Many investors are understandably excited about the opening of Canada's recreational marijuana market. It's certainly a big deal. The Canadian market could easily top $5 billion in annual sales.

But some CEOs of marijuana companies, including Canopy Growth (NYSE:CGC) co-CEO Bruce Linton and Tilray (NASDAQ:TLRY) CEO Brendan Kennedy, have thrown around huge figures for the global marijuana market. These numbers make Canada's market look like a mere drop in the bucket.

Just how big will the worldwide marijuana market really be? It depends on your perspective.

Shadow of a dollar sign on a pile of marijuana leaves

Image source: Getty Images.

$150 billion?

Tilray CEO Brendan Kennedy has publicly stated that cannabis is a $150 billion industry. Where does Kennedy's number come from? The company's investor presentations cite the source as the United Nations World Drug Report, which includes projections for the illicit marijuana market.

Using $150 billion as the global marijuana market size makes sense -- if you think marijuana will be fully legalized throughout the world in the near future. For now, though, only Canada and Uruguay allow the legal use of marijuana for recreational purposes.

Several countries have legalized medical marijuana, and more are likely to do so over the next few years. And while marijuana remains illegal at the federal level in the U.S., 30 states and counting have legalized medical marijuana. But the reality is that the market size for the medical use of marijuana doesn't come close to the $150 billion level that Tilray references.

$500 billion?

If the $150 billion market size seems too high, hold on to your britches. Last week, Canopy's Bruce Linton told Jim Cramer, host of CNBC's Mad Money, that cannabis could disrupt a $500 billion global market. How did Linton arrive at such an eyepopping number?

Linton started with the illegal marijuana market, which he said currently totals around $200 billion -- a higher number than the U.N. figure cited by Tilray. He then listed several other industries that cannabis could potentially disrupt -- alcohol, cigarettes, and pharmaceuticals. Linton said that a $500 billion estimate is more accurate than lower "conservative, cautious" predictions.

The global alcoholic beverages market size is estimated to be between $1.3 trillion and $1.5 trillion. There appears to be a good chance that cannabis-infused beverages could capture part of this market. Major alcoholic beverage maker Constellation Brands was bullish enough about the potential for cannabis that it recently invested $4 billion in Canopy Growth.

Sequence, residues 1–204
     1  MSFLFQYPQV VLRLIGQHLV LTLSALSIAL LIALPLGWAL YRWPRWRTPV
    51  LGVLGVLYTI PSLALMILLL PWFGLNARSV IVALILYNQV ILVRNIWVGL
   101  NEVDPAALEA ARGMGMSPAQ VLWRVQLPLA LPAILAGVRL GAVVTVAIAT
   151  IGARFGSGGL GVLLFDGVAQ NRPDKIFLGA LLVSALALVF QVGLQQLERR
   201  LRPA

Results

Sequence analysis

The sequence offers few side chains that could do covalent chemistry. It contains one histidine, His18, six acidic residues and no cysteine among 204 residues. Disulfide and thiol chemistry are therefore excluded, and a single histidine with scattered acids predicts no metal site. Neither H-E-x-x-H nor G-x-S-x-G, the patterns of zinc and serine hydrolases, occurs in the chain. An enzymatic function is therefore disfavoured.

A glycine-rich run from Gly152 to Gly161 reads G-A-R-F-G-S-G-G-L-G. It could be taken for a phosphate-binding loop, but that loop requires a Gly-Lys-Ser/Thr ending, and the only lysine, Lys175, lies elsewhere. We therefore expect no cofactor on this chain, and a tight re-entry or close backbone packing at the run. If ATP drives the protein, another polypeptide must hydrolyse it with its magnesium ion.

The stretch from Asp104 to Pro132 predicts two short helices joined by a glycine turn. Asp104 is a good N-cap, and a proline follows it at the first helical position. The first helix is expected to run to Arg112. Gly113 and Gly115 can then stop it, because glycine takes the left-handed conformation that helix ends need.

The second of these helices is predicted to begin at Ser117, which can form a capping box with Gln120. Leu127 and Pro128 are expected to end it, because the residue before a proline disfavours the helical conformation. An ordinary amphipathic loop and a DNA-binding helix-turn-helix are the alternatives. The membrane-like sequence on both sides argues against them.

Linton thinks that cannabis products could disrupt the cigarette market by being used for smoking cessation. The worldwide tobacco cigarette market (outside of China) is estimated to be at least $680 billion. The smoking-cessation product market is much smaller, of course. But it's growing -- and could reach close to $22 billion by 2024.

The global pharmaceutical market totals more than $1.1 trillion. However, cannabis and cannabinoid drugs only target indications representing a fraction of this market. Currently, the only approved cannabinoids in the U.S. are for treating rare forms of epilepsy, nausea and vomiting caused by chemotherapy, and loss of appetite in AIDS patients who have lost weight. Still, the potential exists for cannabinoids to help address other indications, including arthritis and insomnia.

More tangible numbers

Here's the reality: The legal global marijuana market isn't anywhere close to $150 billion or $500 billion right now. Arcview Market Research and BDS Analytics methodically researched all the available data to determine an estimate for the global marijuana market size. They peg the 2017 total at roughly $9.5 billion.

But Canadian recreational marijuana sales will help push the global market size higher. So will growth in international medical marijuana markets such as Germany and the United Kingdom. The more important growth driver, though, will be the U.S.

Arcview and BDS Analytics project that the global marijuana market will reach $32 billion by 2022. Nearly three-quarters of that -- $23.4 billion -- will come from the U.S. Can the marijuana market increase significantly more than that over the long run? Absolutely.

It's possible that more countries will legalize recreational marijuana. More U.S. states could do so as well. Federal marijuana laws in the U.S. could change in a way that really opens the market up. But for the next few years, a market size closer to $32 billion seems much more realistic than the $150 billion and $500 billion figures being thrown around.

Smartest moves for investors

Investors are better off focusing on more realistic near-term projections than far-off potential market estimates. Remember, CEOs have a reason for talking up the potential market size: It makes their companies' market caps seem less astronomically high.

With the U.S. generating the lion's share of total worldwide marijuana sales, it's also a good idea to expand your investing horizon to include stocks that can profit from the U.S. market. So far, Canopy and Tilray haven't done much in the U.S. due to federal marijuana laws. However, keep your eyes open for any moves by these or other companies to expand into the U.S. in ways that are legal at the federal level or could soon be, including buying cannabinoid-focused biotechs or establishing hemp operations.

There's an old saying that if wishes were fishes, we'd all swim in riches. For now, any talk about $150 billion and $500 billion marijuana markets only reflects wishes.

Keith Speights has no position in any of the stocks mentioned. The Motley Fool recommends Constellation Brands. The Motley Fool has a disclosure policy.